Is Driving the New Smoking?

W Christian Mental Ward
by W Christian Mental Ward
is driving the new smoking

copyright Chris Bruntlett

I love to smoke. That’s not a cool thing to admit; in fact it’s socially irresponsible. But there is something very satisfying about lighting up, and the sensation of that first drag. For me it’s not about nicotine. No I enjoy the act of smoking. Fortunately I also love to run and the two habits are rarely complementary. Save the occasional relapse, I quit some 16 years ago. But if smokes were only as bad for me as coffee, I would still light up, social pressures be dammed.

Apparently it’s a personal inclination. The automobile as evil is not new, but Chris Bruntlett wants to start a social trend that equates driving with smoking. He wants a communal backlash and public shaming of drivers. I am not upset because he hates cars; I am upset because I can almost agree with him.

In a recent submission to Vancouver magazine Hush, self-professed bike-geek Bruntlett calls driving “selfish, anti-social, unhealthy, and destructive.”

“Let’s face it: when someone gets into a car, they are entering a bubble. Not just a physical bubble of metal and glass, but also a figurative one, where all logic and reasoning is barred from entering…”

Apparently, we have shared the same morning commute.

“…They seem oblivious to the simple truth that the motor vehicle is the most inefficient mode of transportation ever devised. Without thinking, they squander millions of years of stored solar energy to haul around two tons of metal, fiberglass, machinery, and electronics, along with their meager frame. This machine demands a colossal amount of space: 300 square feet when parked, and 3,000 square feet when moving at 50 km/hr. As a result, we carelessly hand over vast chunks of our public realm to the parasitic automobile; space that could be put to much better use.”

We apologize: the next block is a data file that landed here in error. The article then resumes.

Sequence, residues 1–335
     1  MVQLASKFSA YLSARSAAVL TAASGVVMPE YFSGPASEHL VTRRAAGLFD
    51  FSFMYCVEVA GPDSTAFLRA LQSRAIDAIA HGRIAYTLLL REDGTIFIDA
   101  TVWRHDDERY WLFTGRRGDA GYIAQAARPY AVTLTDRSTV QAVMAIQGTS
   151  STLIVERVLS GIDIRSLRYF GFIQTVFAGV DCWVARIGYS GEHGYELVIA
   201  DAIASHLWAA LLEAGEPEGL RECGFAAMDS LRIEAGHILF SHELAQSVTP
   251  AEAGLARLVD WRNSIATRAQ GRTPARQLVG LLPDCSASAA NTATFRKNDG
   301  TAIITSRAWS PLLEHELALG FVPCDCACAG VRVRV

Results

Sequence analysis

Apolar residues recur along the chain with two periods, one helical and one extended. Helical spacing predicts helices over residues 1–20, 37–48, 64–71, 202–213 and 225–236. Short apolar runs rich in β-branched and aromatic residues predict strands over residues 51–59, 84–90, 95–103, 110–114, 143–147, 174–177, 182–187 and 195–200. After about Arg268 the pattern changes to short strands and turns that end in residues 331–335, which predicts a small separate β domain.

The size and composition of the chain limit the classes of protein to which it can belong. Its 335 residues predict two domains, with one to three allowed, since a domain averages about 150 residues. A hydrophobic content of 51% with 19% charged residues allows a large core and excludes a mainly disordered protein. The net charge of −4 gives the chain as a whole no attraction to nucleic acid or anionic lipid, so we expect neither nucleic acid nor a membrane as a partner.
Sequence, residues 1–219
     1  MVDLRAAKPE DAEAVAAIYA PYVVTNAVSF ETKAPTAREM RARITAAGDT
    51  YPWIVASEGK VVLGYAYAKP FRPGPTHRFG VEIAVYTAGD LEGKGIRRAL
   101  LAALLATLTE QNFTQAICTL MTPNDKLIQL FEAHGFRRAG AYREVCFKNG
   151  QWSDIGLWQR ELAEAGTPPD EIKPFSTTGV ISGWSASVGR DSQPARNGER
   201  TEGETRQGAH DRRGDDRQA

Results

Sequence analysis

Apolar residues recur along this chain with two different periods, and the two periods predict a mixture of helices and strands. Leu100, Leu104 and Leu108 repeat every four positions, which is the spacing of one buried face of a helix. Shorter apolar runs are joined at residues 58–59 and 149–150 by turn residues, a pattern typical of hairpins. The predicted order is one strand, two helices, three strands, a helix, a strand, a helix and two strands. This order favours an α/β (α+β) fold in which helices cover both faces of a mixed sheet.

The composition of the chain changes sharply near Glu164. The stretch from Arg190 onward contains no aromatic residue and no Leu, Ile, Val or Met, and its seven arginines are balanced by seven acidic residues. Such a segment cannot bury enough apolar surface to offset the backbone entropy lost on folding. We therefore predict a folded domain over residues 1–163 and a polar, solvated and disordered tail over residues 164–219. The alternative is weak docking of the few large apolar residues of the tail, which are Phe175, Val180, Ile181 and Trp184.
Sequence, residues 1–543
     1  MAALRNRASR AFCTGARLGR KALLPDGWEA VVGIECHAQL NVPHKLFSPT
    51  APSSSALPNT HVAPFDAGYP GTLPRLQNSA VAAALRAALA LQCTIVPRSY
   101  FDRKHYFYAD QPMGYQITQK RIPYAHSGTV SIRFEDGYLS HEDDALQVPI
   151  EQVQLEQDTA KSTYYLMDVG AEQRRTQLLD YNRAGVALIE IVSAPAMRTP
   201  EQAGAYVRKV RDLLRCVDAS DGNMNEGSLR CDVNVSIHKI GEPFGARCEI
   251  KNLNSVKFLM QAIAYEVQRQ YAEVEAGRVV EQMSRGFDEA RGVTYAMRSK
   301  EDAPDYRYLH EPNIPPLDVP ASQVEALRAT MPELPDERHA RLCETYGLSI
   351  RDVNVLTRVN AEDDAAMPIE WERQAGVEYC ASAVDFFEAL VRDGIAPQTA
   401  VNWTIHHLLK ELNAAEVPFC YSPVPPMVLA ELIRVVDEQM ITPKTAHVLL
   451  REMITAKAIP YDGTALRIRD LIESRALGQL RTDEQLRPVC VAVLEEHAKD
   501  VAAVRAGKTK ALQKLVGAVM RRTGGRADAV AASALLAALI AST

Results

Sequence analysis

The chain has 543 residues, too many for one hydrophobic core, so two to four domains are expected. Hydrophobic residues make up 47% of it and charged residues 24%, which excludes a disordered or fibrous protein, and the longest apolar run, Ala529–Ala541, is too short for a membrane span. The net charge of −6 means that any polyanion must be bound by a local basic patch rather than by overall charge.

The hybrid owners reading this can remove your smug expression now. It’s not just the pollution; it’s driving. According the Bruntlett, your green car is just as evil as my El Camino.

I am not entirely convinced the automobile is less efficient than say, an F-4 Phantom, but my old 1978 Mercury Colony park wagon came pretty close. Much has been opined about the swelling mass of even the most frugal of automobiles. I agree we could put that space to better use. Freeways are like your mother-in-law; they’re getting wider and uglier.

Jay Leno noted that alternative transportation will save the automobile in the same ilk the automobile saved the horse. Horses are now kept for sporting and pleasure. As a result, the quality of life for most horses is infinitely superior to the pedestrian mare of the old west. As better ways of moving people about arise, the car will become less of a need and more about leisure and entertainment. I’m surprisingly comfortable with that.